Development of line managers’ ability to cast corporate strategy as a story boosts emotional engagement of managers and staff.
FY2005 Sales: US$11.2 Billion
Headquarters: Houston, Tex.
This practice may be of interest if any of the following are true: Our internal messaging is bland or fails to engage our employees. Our managers are uncomfortable or ineffective in appealing
to employees’ emotional side.
We are trying to arm our managers with multiple forms
• Make the acquisition of seemingly “soft” skills like storytelling more accessible by breaking them down into simple
As Continental’s then CEO Gordon Bethune begins to lead the firm to a performance turnaround, his effective use of storytelling as a means to engage audiences and earn their support catches the attention of other executives. Pushing that skill across the firm’s management ranks appears promising, but managers are likely to struggle in adopting this very personal practice.
Continental develops a workshop that breaks down the “art” of storytelling into discrete steps for managers to learn and practice. Simple tools augment the training experience and guide participants in their use of storytelling afterward.
Workshop participants give the course high marks for helping boost their ability to communicate credibly. Early successes with the program have given Continental confidence to roll it out to the entirety of their managerial ranks.
• Create a safe environment for storytelling trainees by using peers for feedback.
• Provide simple tools to boost the likelihood that managers will use storytelling in their recurring communications.
Please note that the CEB program names referenced in this document have changed since the time of publication.
Driving Engagement with Corporate Strategy
A Rare Skill
The potential upside of boosting managers’ communications skills becomes clear at Continental Airlines after several years of poor performance. The company’s then-new CEO, Gordon Bethune, recognizes the importance of engaging employees (among other levers) to restore the carrier to profitability. Over the coming years, as Bethune leads the company to improved performance, his colleagues count his ability to engage employees emotionally through stories as one of his primary strengths as a leader. Wanting to extend the power of storytelling beyond the CEO and develop the communications skills of its executives, Continental codifies the underlying skills and develops a storytelling workshop.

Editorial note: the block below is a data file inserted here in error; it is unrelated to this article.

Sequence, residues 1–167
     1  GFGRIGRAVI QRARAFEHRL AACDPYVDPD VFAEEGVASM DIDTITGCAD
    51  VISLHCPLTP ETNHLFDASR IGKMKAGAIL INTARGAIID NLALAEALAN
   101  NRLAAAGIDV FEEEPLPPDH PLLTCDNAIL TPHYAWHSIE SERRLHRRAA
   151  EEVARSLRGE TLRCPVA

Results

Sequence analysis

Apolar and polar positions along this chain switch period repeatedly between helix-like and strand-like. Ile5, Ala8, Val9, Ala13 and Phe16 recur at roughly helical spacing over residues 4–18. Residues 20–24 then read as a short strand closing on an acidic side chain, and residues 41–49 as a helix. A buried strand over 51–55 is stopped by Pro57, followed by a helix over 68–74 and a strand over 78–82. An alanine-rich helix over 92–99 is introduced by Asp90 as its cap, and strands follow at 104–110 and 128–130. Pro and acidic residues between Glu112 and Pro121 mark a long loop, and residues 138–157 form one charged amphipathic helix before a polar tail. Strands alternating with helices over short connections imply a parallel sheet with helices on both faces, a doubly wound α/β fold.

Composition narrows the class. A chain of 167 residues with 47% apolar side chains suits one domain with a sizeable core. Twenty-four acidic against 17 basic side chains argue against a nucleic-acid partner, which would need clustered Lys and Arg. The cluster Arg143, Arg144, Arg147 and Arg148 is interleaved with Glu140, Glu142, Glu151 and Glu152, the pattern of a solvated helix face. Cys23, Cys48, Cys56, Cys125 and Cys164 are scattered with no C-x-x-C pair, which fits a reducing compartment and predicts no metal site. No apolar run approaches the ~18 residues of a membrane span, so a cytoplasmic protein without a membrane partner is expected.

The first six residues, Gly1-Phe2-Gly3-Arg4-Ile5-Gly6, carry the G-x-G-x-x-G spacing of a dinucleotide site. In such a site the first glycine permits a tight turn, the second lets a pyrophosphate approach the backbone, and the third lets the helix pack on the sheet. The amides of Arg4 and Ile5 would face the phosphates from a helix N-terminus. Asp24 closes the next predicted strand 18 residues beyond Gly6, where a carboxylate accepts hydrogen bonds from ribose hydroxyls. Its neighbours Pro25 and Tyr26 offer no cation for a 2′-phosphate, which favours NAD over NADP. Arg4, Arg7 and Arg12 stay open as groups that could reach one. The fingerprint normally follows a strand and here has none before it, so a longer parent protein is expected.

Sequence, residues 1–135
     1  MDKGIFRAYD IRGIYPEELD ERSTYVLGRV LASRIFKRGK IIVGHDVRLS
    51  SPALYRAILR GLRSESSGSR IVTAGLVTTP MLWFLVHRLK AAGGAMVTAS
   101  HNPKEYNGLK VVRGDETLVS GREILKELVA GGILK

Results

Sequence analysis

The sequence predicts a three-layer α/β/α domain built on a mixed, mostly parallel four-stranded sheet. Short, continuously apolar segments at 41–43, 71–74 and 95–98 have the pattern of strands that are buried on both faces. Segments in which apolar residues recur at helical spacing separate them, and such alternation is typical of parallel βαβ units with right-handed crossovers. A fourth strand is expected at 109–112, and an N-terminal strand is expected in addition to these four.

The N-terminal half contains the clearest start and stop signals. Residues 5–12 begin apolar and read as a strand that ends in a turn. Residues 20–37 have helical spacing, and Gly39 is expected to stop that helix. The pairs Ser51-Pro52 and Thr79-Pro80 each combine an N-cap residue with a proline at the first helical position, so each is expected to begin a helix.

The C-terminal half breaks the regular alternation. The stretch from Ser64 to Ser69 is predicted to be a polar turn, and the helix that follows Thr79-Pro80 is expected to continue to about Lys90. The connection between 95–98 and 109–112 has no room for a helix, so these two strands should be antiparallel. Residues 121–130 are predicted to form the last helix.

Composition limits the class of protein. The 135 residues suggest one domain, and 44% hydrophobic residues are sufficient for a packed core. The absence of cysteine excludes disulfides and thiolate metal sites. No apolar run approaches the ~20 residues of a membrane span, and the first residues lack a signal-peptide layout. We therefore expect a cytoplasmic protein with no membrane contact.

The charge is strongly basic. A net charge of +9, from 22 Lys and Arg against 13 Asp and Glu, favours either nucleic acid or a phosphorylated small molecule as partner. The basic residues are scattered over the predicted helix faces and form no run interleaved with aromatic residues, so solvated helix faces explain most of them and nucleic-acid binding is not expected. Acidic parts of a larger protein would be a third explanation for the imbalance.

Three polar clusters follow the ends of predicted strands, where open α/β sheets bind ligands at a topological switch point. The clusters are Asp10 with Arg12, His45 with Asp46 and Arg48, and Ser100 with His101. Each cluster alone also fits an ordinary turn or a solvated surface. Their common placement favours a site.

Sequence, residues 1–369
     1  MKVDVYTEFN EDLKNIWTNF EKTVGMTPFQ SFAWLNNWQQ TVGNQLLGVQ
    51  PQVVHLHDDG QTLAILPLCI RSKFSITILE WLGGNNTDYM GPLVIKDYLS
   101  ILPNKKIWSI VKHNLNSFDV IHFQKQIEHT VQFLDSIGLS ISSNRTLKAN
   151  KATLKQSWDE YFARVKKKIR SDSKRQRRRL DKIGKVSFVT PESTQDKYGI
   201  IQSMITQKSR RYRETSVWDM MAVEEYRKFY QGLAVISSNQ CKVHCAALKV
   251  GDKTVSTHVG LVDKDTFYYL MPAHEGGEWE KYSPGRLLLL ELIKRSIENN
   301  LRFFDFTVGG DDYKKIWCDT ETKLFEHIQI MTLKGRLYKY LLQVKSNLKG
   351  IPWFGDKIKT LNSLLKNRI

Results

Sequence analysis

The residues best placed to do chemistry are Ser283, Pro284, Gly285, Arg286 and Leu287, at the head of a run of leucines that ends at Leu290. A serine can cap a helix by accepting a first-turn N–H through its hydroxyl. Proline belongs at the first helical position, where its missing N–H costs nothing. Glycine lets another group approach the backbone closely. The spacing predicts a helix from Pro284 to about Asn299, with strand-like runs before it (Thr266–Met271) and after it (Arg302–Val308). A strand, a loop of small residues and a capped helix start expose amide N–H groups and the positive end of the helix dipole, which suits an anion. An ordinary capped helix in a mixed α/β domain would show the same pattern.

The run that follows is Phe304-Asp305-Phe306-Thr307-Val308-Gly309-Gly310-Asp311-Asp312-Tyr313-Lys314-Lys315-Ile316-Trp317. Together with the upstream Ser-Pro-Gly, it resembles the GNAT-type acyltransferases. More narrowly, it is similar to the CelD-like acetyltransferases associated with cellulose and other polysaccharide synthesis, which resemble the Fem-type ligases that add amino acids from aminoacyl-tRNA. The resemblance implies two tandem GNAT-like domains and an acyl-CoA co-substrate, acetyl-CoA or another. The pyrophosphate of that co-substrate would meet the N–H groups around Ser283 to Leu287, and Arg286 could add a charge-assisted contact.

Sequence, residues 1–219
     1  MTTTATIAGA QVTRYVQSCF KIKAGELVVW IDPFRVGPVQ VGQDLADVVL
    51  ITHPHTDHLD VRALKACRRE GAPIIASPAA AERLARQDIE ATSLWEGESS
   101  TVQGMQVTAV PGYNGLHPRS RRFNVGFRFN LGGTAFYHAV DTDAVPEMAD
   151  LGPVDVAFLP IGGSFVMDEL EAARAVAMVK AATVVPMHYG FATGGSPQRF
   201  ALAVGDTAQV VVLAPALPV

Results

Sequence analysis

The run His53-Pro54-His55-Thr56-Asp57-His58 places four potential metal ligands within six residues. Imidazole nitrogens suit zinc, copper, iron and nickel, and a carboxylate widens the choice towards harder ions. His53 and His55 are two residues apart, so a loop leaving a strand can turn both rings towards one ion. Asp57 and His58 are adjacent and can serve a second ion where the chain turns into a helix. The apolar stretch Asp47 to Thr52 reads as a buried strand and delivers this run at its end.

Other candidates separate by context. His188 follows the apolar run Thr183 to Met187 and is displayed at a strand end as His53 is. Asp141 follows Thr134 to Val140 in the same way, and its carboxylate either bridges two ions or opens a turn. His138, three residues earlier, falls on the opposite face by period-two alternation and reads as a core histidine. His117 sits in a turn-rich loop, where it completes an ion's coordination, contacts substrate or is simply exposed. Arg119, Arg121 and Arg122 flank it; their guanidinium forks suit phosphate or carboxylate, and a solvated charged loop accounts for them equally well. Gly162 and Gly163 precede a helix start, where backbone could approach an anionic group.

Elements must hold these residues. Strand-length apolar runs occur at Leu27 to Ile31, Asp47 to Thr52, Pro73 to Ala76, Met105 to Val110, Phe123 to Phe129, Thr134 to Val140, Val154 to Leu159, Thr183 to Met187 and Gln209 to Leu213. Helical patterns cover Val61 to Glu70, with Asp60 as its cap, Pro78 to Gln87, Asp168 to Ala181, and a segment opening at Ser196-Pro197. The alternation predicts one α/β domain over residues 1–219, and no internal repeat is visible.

Please note that the CEB program names referenced
in this document have changed since the time of publication.
Commoditizing a Scarcity
The resulting four-hour course effectively accomplishes two important goals. First, by starting the sessions with discussion by the company’s CEO or president (who use stories themselves), the course helps overcome any skepticism by attendees about the importance or effectiveness of storytelling as a management tool. And second, by breaking down the (largely tacit) skill set of storytelling into simple steps, then building on each step across the session, the course helps engender nimbleness in the use of storytelling among participants without overwhelming them. Participants begin to develop storytelling skills by preparing an anecdote of their own for delivery. They identify an event from their own experiences, construct a story around it, and audition the story with fellow trainees. Subsequent exercises challenge participants first to modify story content based on an understanding of audience motivations, priorities, and touchstones, then to do so based on the different objectives the story might accomplish.
There’s Nothing Like a Good Story
Continental seeks to leverage the
power of its...
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